When officials arrived, one of the cars was found upside down on the side of the southbound lane of Highway 99 East. The other car was found upright and on the side of the northbound lane of Highway 99 East.

Both lanes on the highway are now open. 

No injuries have been confirmed at this time. The cause of the crash is under investigation.

Cottage Grove Provides Free Sand And Bags Due To Flooding

Cottage Grove and other parts of Western Oregon face a Flood Watch this week. The City of Cottage Grove took action, setting up a sandbag station. All you need is your shovel.

Free sandbags (and the sand with which to fill them) are available on 12th Street just north of W. Main St. (near the dog park and Dari-Mart). Be sure to bring a shovel (or other sand-scooping implement of your choice)

Wreck On I-5 Near Sutherlin Due To Heavy Rains

Heavy rain contributed to a wreck on Interstate 5 about two miles south of Sutherlin on Monday.

A report from Oregon State Police said at about 10:45 a.m. the driver was headed southbound and was changing lanes when he hydroplaned in the rain and went out of control. The vehicle destroyed about 150 feet of Oregon Department of Transportation wire rail and 20 posts in the median.

The driver was cited for driving while suspended and for driving uninsured. He was given a warning for driving too fast for the conditions. The driver and his passengers were not injured.

ODOT Warns Of Hydroplane Risks Due to Heavy Rains

The Oregon Department of Transportation is warning motorists to be aware of the risk of hydroplaning during rainy weather.

“One of the things that drivers need to remember is, especially as we have heavy rain and even in that transition between snow and the melting snowpack and rain, is to slow down, drive to those conditions,” said ODOT spokesman, Gary Leaming.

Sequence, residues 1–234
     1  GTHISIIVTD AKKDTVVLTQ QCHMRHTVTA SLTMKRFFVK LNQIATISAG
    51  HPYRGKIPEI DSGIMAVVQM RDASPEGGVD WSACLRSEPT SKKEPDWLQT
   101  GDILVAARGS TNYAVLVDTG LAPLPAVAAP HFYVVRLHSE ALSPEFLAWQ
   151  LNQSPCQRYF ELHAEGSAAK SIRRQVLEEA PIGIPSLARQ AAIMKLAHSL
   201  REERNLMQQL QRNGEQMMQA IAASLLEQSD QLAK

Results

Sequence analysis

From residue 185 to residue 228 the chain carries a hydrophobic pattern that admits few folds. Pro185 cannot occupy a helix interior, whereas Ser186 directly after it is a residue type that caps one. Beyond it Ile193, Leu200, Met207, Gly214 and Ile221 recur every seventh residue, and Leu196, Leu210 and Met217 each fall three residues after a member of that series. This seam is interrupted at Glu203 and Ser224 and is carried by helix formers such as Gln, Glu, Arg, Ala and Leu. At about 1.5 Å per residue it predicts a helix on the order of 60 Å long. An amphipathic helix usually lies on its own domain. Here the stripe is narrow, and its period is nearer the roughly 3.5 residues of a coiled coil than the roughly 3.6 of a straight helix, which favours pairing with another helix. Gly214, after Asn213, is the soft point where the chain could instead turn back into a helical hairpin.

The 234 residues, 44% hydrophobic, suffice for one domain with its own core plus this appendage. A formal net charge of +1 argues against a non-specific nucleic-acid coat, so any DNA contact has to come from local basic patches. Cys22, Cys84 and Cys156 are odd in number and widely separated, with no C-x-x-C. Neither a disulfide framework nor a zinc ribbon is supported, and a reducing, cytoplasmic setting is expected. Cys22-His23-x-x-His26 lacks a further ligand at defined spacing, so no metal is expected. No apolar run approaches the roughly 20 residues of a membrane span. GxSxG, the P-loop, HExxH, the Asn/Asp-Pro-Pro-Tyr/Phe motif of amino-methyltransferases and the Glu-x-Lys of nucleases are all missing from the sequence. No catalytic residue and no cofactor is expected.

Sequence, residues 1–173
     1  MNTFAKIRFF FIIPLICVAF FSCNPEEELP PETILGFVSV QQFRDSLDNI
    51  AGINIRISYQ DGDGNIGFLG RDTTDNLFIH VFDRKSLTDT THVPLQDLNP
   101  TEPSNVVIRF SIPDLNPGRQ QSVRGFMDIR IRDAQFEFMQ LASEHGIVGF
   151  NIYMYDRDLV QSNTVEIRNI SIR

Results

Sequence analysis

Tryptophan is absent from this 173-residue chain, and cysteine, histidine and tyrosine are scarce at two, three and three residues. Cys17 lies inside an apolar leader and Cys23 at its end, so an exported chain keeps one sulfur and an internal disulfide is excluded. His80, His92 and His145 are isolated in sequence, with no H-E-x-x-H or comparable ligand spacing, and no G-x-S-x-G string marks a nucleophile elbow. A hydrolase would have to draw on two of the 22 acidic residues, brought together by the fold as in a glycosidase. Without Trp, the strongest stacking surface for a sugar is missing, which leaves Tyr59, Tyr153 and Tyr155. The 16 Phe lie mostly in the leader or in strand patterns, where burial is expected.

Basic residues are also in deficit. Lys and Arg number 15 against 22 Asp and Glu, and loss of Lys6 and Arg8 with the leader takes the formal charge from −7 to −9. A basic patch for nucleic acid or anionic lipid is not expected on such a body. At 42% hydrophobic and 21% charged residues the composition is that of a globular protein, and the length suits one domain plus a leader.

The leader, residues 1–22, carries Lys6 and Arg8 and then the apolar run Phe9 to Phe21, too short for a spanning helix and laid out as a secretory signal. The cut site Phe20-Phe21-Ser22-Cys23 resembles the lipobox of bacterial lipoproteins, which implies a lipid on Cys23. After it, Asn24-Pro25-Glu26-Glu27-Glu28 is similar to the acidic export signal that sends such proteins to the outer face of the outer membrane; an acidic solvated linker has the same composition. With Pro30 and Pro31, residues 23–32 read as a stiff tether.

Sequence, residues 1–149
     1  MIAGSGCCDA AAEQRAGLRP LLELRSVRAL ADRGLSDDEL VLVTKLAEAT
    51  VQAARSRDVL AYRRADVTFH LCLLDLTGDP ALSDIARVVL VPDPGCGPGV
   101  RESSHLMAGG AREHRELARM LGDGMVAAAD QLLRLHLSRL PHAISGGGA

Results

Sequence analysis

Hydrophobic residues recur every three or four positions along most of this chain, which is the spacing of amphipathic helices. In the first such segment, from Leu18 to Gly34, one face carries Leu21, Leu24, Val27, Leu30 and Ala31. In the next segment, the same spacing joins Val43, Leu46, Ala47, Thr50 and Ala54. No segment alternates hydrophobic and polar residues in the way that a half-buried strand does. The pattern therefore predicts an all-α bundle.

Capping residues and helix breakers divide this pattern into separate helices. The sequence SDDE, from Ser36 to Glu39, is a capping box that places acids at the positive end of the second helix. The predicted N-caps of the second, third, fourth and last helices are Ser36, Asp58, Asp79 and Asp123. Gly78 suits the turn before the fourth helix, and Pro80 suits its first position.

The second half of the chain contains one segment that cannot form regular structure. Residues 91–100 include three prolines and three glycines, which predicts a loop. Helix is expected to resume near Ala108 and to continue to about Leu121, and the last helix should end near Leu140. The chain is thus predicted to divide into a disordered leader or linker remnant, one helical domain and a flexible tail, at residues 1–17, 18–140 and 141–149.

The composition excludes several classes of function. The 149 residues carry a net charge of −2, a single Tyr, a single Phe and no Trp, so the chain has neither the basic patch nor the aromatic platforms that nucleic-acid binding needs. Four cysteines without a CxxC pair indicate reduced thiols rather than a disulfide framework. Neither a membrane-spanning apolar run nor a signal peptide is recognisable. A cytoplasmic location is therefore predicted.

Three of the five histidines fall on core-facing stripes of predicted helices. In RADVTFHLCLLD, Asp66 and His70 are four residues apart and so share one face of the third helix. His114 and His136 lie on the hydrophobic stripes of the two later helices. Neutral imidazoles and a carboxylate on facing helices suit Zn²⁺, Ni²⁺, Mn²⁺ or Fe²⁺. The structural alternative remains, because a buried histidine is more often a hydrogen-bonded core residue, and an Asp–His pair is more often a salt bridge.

He noted that serious hydroplaning incidents are generally always due to speed.

“Many times we see people at high speed, they will lose traction and they go off the road,” he said.

He said the areas where the valley sees the biggest number of incidents due to hydroplaning is the I-5 over the overpasses at Skiskiyou and near Hayes Summit.

“You will see some water that sheets across the road at some places, we do the best that we can to keep that geometry such that rain sheets of,” he said. “But many times we will see drivers hitting that sheet of water and lose traction.”

He warned that the speed limit is not always safe for conditions. He noted that increasing following and stopping distance and decreasing speed is the best thing you can do to avoid hydroplaning.

It is also important to make sure your tires have enough traction and if you do start to hydroplane, take your foot off the gas and get a good grip on the steering wheel so you can regain control after you come out of the hydroplane.

Oregon reports 4,540 new confirmed and presumptive COVID-19 cases, 44 new deaths

PORTLAND, Ore. — There are 44 new COVID-19 related deaths in Oregon, raising the state’s death toll to 5,710, Oregon Health Authority (OHA) reported at 12:01 a.m. today.

OHA reported 4,540 new confirmed and presumptive cases of COVID-19 as of 12:01 a.m. today, bringing the state total to 435,453.

The new confirmed and presumptive COVID-19 cases reported today are in the following counties: Baker (8), Benton (102), Clackamas (652), Clatsop (38), Columbia (34), Coos (3), Crook (59), Curry (4), Deschutes (280), Douglas (54), Gilliam (8), Grant (6), Harney (4), Jackson (132), Jefferson (21), Josephine (55), Klamath (86), Lake (6), Lane (443), Lincoln (13), Linn (102), Malheur (38), Marion (464), Morrow (6), Multnomah (786), Polk (123), Sherman (7), Tillamook (17), Umatilla (109), Union (29), Wallowa (10), Wasco (30), Washington (610), Wheeler (1) and Yamhill (200).